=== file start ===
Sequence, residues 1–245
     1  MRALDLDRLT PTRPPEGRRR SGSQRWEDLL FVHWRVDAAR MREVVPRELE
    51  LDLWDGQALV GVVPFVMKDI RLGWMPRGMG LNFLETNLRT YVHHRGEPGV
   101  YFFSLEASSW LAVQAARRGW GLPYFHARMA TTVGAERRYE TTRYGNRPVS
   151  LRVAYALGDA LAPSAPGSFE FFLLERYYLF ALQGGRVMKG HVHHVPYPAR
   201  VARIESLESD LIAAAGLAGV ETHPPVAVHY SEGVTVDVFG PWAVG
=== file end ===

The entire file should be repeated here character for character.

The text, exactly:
Sequence, residues 1–245
     1  MRALDLDRLT PTRPPEGRRR SGSQRWEDLL FVHWRVDAAR MREVVPRELE
    51  LDLWDGQALV GVVPFVMKDI RLGWMPRGMG LNFLETNLRT YVHHRGEPGV
   101  YFFSLEASSW LAVQAARRGW GLPYFHARMA TTVGAERRYE TTRYGNRPVS
   151  LRVAYALGDA LAPSAPGSFE FFLLERYYLF ALQGGRVMKG HVHHVPYPAR
   201  VARIESLESD LIAAAGLAGV ETHPPVAVHY SEGVTVDVFG PWAVG